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  • A Manhattan nanny accused of stabbing to death the two young children in her care more than five years ago has been convicted of murder after jurors rejected her claim that she was too mentally ill to know what she was doing. Yoselyn Ortega, 55, will be sentenced May 14 for first-degree murder and second-degree murder in the deaths of Leo Krim, 2, and his sister, Lucia “Lulu” Krim, 6, according to The New York Times. The guilty verdict was announced Wednesday after two days of jury deliberation.  Ortega, who was silent as the verdict was read, faces life in prison.  >> Related story: ‘You’re evil!’ Mother of slain children screams at nanny on trial in grisly deaths The children’s father, Kevin Krim, sat in the front row for the verdict, holding hands with two alternate jurors who were released from duty before deliberation began, the Times reported. He wept and rocked back and forth when the verdict was read. One of the jurors took his glasses off, wiping away his own tears.  In a Facebook post following the verdict, Krim thanked the judge and jurors, as well as prosecutors and police investigators, for their dedication to seeing justice done.  “This process has been very challenging for us, but it has also reaffirmed our love of New York: a city that Lulu and Leo loved dearly,” Krim wrote. “We got through this trial because of our family, our friends, our fellow New Yorkers and the loving memory of Lulu and Leo’s lives.” Krim also said that he and his wife, Marina Krim, are supporting state legislation that would make it a crime to falsify the job application and references of someone working in child care. He accused Ortega’s family of deceiving them about her qualifications, saying they “remain wholly unaccountable for their role in the murders of (the Krim) children.” Ortega’s six-week murder trial was fraught with emotion from the very first witness. Marina Krim took the stand first, testifying about finding her children’s bloody, lifeless bodies in a bathtub Oct. 25, 2012, at the family’s Upper West Side apartment.  She had taken the couple’s younger daughter, 3-year-old Nessie, to a swimming lesson and the pair then went to Lulu’s dance studio to pick the little girl up. When the frantic mother realized Lulu never showed up, she rushed home.  She searched room to room, finding no sign of her children until she reached a bathroom.  “I go down, I walk down the hall and I see the light on under the back of the door, and I’m like, ‘Oh God, it’s so quiet in here, oh God. Why is it so … quiet?’ And I open the door … and I open the door, oh God,” Marina Krim said, weeping, The Associated Press reported at the start of the trial.  Inside the bathroom, she found Lulu and Leo in the bathtub, both covered with blood. Krim testified that she knew immediately that Lulu was dead because her eyes were open and fixed.  Ortega stabbed herself in the neck as Marina Krim walked into the room.  Lulu suffered at least 30 stab wounds and her brother, who could not defend himself, suffered five, prosecutors said. Both children’s throats were slashed so deeply that first responders initially thought they had been decapitated.  Kevin Krim testified about coming home from a business trip and seeing his children’s bodies at a hospital, CBS News reported.  “They still had this perfect skin and these long eyelashes,” Kevin Krim said. “They had, like, sandy brown hair. You could see they tried really hard to wash all the blood out, but there was still kind of an auburn tint to it that I remember to this day.” Weeping could be heard throughout the courtroom, including from the jury box, CBS News said. “It’s worse than you’d imagine,” Krim testified. “It’s worse.” At a news conference following the verdict, Manhattan District Attorney Cyrus R. Vance Jr. praised the jurors for their “diligence throughout this incredibly difficult and heartbreaking trial,” the Times reported.  Vance said that the Krims lived every parent’s worst nightmare. Jurors seemed to agree. “As a father of two children myself, I can’t imagine. No parent should have to experience the loss of a child,” a teary-eyed juror, David Curtis, said. “This was a very difficult decision for us. There were some raised voices and a lot of tears.” The Times reported that Ortega’s defense painted a portrait of a mentally ill woman who had been suffering from delusions and hallucinations since her teen years in the Dominican Republic. Her lawyers argued that she heard voices, including that of Satan, telling her to kill the children. Two defense psychiatrists testified that Ortega was having a severe psychotic break when she stabbed Lulu and Leo and could not remember killing them. >> Read more trending news A prosecution expert testified, however, that Ortega suffered from anxiety and depression, but was not paranoid or delusional when she committed the crime, the Times said. The forensic psychologist played for jurors a 2016 interview he had with Ortega in which she denied hearing voices. It was not until months later that she claimed the devil made her kill the children, the newspaper reported.  Prosecutors argued that Ortega, who was jealous of Marina Krim’s life and wealth, planned the murders. They pointed to the fact that she left a purse holding valuables, ID cards and keepsakes for her own teenage son with her sister. She had also recently pleaded with her sister to take care of her son and “raise him well,” the state argued.  Ortega’s son had arrived in the U.S. to finish high school in the months before the murders, putting added financial pressure on his mother, who enrolled him in a private school.  Despite witness testimony from Ortega’s family and friends about a series of mental breakdowns over the years, the only written documentation of mental issues came from a therapist Ortega visited three days before the murders, the Times reported. The therapist testified that he saw no signs of delusional thinking and that Ortega said nothing about hearing voices.  Instead, she talked about stress and feelings of failure in her relationship with her son, who she left with family in the Dominican Republic when he was 4 years old.  Marina Krim testified that, in the past, she and her husband had bought Ortega plane tickets to visit her family back home and even made the trip themselves to meet her loved ones.  Ortega also told police investigators immediately after the killings that she hurt the children because she had money problems and was angry at the Krims, the AP reported. She complained about a shifting schedule and having to work as a cleaning woman when she did not want to.  ABC News reported that some of those extra cleaning jobs were efforts by Krim to help Ortega make more money to better support her son. CBS News reported that, although Ortega showed little to no emotion throughout the trial, she forcefully shook her head and mouthed the word “no” during some testimony -- when it was said that her employers treated her well.  The Krims, who started the Lulu & Leo Fund following their children’s slayings, have since had two more sons, Felix in 2013 and Linus in 2016.  The Lulu & Leo Fund provides funds for Choose Creativity, which the fund’s Facebook page describes as a curriculum-based initiative that centers on 10 principles of creativity. Working with schools and community organizations, the program brings the initiative to children and families in underserved communities.  As of November, the curriculum was being taught in more than 20 schools and community centers, impacting more than 2,000 students, the page states.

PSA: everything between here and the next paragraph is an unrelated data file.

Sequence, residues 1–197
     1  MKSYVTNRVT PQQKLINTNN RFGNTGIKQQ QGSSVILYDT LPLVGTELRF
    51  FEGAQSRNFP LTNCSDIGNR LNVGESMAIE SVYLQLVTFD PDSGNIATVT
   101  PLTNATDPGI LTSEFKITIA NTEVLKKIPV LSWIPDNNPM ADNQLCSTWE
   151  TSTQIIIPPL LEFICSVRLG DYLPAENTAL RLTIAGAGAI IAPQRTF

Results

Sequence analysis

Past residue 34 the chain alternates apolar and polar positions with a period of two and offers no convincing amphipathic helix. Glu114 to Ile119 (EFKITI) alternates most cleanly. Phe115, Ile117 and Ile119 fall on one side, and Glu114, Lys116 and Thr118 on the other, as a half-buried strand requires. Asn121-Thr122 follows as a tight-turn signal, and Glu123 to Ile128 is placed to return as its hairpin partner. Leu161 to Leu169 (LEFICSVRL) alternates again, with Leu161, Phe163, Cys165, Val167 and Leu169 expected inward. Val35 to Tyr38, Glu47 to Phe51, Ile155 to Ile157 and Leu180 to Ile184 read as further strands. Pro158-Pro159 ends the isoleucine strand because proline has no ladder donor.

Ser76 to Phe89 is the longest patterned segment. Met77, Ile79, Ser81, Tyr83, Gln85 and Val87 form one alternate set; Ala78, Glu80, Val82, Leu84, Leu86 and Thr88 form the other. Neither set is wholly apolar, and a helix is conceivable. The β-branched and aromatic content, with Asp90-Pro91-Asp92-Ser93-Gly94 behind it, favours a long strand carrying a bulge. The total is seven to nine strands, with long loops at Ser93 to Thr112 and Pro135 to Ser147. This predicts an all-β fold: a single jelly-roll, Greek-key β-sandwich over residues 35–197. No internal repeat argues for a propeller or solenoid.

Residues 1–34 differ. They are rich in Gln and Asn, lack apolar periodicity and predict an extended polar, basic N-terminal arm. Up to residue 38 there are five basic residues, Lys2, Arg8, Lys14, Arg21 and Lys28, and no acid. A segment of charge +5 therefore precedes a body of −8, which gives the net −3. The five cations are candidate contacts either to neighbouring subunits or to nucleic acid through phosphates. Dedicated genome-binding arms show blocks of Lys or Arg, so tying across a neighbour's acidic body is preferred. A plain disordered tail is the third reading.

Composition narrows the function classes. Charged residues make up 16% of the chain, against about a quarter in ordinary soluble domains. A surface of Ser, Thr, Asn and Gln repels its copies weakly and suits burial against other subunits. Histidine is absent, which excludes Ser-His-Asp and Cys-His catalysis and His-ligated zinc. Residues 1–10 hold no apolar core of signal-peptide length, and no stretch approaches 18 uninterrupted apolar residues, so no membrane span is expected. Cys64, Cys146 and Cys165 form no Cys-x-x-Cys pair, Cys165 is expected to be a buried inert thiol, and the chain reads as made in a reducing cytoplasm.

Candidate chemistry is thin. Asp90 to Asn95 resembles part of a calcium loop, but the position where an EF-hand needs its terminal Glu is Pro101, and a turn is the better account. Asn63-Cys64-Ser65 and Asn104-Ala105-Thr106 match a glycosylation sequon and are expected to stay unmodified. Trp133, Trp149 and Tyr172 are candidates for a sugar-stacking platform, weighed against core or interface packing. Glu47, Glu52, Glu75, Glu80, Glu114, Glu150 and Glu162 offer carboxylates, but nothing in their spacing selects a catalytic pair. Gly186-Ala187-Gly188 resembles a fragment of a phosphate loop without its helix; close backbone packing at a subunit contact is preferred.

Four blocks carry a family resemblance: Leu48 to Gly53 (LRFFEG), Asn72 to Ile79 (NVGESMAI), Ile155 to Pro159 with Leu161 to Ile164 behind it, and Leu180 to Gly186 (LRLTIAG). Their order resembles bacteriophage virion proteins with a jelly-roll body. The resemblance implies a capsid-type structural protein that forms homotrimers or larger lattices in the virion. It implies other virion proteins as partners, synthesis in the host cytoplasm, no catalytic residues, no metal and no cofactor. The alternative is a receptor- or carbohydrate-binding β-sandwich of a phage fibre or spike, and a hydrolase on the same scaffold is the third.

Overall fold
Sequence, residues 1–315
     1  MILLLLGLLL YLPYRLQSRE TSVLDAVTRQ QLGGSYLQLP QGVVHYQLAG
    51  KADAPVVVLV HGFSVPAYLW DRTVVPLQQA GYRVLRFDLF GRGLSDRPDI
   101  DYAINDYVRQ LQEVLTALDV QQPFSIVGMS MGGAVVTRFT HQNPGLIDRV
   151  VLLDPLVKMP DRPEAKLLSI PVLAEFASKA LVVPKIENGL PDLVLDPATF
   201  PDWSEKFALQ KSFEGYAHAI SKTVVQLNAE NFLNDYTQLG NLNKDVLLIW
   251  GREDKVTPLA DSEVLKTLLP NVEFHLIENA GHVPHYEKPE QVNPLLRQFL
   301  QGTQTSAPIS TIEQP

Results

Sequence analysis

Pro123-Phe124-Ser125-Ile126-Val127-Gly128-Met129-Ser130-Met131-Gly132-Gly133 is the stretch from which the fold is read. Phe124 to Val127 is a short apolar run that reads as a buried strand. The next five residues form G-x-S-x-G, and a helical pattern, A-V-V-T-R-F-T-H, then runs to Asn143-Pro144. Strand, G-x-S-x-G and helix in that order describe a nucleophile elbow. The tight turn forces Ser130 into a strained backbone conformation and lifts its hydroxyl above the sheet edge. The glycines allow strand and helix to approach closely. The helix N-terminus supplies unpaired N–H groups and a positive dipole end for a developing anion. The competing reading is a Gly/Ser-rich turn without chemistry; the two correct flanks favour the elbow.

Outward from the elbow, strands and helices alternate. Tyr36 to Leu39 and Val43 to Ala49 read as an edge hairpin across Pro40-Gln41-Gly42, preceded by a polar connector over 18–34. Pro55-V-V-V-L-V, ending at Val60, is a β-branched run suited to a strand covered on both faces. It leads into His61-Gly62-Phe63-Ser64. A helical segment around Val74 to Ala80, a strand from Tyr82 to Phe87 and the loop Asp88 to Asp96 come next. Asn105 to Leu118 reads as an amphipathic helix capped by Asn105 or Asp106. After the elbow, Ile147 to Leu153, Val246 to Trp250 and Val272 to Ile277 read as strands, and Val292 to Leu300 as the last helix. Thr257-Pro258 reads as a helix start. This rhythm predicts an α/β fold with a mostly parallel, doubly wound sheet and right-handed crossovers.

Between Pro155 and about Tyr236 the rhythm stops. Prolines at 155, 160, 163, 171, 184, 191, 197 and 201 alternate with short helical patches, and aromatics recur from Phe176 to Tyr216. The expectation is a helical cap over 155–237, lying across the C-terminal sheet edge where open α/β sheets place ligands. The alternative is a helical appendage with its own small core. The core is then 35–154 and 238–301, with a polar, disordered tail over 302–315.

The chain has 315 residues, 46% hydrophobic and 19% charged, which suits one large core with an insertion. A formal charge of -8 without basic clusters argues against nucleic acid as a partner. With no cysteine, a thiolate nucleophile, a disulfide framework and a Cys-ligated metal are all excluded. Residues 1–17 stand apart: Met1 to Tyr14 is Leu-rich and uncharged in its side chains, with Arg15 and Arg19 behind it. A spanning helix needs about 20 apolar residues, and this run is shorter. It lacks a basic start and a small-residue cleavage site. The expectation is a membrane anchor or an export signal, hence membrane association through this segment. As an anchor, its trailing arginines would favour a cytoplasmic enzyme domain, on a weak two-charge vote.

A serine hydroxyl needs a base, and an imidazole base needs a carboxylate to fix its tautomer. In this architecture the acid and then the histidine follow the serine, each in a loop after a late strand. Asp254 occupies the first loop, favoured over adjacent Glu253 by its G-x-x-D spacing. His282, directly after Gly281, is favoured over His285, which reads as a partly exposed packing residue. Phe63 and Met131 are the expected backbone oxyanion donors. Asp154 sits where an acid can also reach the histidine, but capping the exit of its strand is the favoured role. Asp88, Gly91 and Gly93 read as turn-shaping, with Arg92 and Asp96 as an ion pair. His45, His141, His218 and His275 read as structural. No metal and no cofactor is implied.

• Teal is still not a primary color in the Jags new uniform scheme, but it’s more prominent and just one way they’re seeking to honor the team’s history in the new design. The Jaguars new “Color Rush” uniform will be head-to-toe teal, instead of the gold they’ve been wearing prior years. This is also the first time the team has teal pants, which can be worn at any time. The teal jersey is the official alternate uniform, which is expected to be worn several times over the season. GALLERY:New uniforms for the Jacksonville Jaguars Jaguars President Mark Lamping says there was a few reasons they didn’t make teal a primary color, including that tastes can change. Even more than that, though, they wanted to make sure the teal kept its power. “If you wore them all the time, they’d be a little less special,” he says. The two-tone helmet is gone, in favor of the shine-finished traditional style. There is an elevated “JAX” by the forehead, which the team says shows the connection to the community, and elevated “JAGUARS” at the nape. The uniform also features the Jags logo on the players’ hearts. The numbers are bold and modern, which is supposed to pay homage as well to prior uniforms. The end goal, according to the team, was no-nonsense, classic Jags. “They’re classic, they’re simple, they’re powerful, they’re agile, they’re winning,” says Jaguars owner Shad Khan. There are also a lot of features in the Nike uniforms designed for the benefit of the players, including removing front seams to improve mobility and create fewer grab points for the opposing team. The uniforms are also lighter than the industry standard, which will help players stay cool, and they’re designed to repel water. Additionally, there are new mesh patches over major “sweat zones”, like behind the knee, to provide some ventilation.